In this context, the Montessori Zentrum ANGELL decided to launch an initiative called ‘The Green Campus Day’ on November 15th, 2019. Our teachers suggested a range of projects in the area of climate change, biodiversity, waste reduction and upcycling. We selected all these projects on the basis that our students would learn about their contributions to reduce their carbon footprint, their impact on biodiversity and waste reduction. It was up to the students to select a project of their choice. The age of the students in our group ranged from 12 to 18 years.
A workshop took place at the Agriculture and Food Development Authority (Teagasc), Oak Park, Carlow in Ireland mid-February 2019 to allow for a professional exchange on how Marteloscopes are used for training and education. Around 15 workshop participants representing Teagasc, Coillte, the Forestry Division of the Department of Agriculture Food and Marine (DAFM), the Irregular Silviculture Network (ISN) and EFI discussed the potential for cooperation involving both new Irish Marteloscopes sites and those of the existing Marteloscope network.
Von Klaus Striepen
Das Netzwerk der Marteloskope in Europa wächst immer weiter und damit auch die Ideen für deren Einsatzmöglichkeiten. Im Rahmen des europäischen LIFE+ Naturschutzprojektes „Villewälder“ wurde erstmals eine Übung für Bonner Bürgerinnen und Bürger durchgeführt. Diese wurde in Zusammenarbeit mit der Volkshochschule Bonn (Adult Education Center) organisiert. Die Veranstaltung fand bei wunderbarem Frühlingswetter am ersten Aprilwochenende 2019 im Marteloskop Jägerhäuschen statt, einem Eichenmischwald im Waldgebiet Kottenforst nahe der Großstadt Bonn. Die Betreuung der Teilnehmer erfolgte durch die Mitarbeiter des LIFE+ Projektes, Klaus Striepen vom Regionalforstamt Rhein-Sieg-Erft und Peter Tröltzsch von der Biologischen Station Bonn/ Rhein-Erft.
Written by José Bolaños and Maria Schlossmacher
This year the International Day of Forests (IDF) will address the exciting theme “Forests and Education”. It is an occasion to raise awareness, to inform and to educate a broad public, different stakeholders and forest-managers about forest-related topics.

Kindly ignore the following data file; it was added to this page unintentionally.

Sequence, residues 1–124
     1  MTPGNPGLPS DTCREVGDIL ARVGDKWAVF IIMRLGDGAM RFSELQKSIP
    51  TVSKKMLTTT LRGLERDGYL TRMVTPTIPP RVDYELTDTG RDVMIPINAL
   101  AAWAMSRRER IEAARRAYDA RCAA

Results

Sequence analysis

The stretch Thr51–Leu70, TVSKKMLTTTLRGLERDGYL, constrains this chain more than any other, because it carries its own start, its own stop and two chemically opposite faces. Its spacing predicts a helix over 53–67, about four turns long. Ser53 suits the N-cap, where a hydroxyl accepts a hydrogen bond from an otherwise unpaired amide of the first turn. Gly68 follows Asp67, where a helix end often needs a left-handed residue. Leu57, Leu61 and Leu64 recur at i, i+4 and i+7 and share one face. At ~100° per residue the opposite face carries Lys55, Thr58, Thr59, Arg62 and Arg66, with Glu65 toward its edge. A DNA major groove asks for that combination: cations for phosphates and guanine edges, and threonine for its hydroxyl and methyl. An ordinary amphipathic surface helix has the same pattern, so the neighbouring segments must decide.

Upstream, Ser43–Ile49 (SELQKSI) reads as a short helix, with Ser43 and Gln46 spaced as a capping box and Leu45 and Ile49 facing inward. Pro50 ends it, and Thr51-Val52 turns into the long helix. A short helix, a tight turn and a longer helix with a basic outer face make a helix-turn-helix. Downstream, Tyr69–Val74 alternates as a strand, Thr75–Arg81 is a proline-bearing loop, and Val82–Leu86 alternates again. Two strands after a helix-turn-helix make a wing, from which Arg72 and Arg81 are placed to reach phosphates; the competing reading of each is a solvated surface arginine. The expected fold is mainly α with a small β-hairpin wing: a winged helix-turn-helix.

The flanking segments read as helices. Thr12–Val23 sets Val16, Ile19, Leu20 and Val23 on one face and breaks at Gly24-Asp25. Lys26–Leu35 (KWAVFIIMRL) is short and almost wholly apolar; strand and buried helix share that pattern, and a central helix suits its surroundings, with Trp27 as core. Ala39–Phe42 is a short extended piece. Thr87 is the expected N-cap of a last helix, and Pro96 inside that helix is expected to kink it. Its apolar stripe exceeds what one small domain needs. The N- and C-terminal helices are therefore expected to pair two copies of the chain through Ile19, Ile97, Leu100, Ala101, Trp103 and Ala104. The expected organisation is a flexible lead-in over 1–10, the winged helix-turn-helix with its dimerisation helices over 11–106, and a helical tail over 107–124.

Forests cover one third of land on Earth, and they perform crucial and vital functions around the world. Trees improve our lives both at a grand scale and at the local level. Despite those benefits, deforestation and consequences of climate change are among other great challenges for forests.
We are happy to share that our network of Marteloscopes is continuously expanding both in terms of number of sites and countries. New countries joining…
Slovakia, as a member of the Network INTEGRATE, established two new Martelescope sites at the end of the year 2018.
by Eva Hušťáková
The sites are located very close to Bratislava city, at a specific locality with the name „Devínska kobyla” in the Little Carpathian Mountains. The area is managed by the forest state enterprise LESY Slovenskej republiky, branch Smolenice. Forest managers selected two types of stands: predominantly beech and oak. The two sites are only a few kilometres away from each other, at an altitude of 300 m and 340 m above sea level. Both forests are more than 100 years old. Experts from our National Forest Centre in Zvolen realized measuring of all trees on a rectangular square of 100x100m. Consequently, they identified microhabitats on all trees according to the reference field list, which is part of the tree microhabitats catalogue developed by the European Forest Institute (Kraus et al. 2016). The total number of trees was 203 in the beech plot and 409 in the oak plot.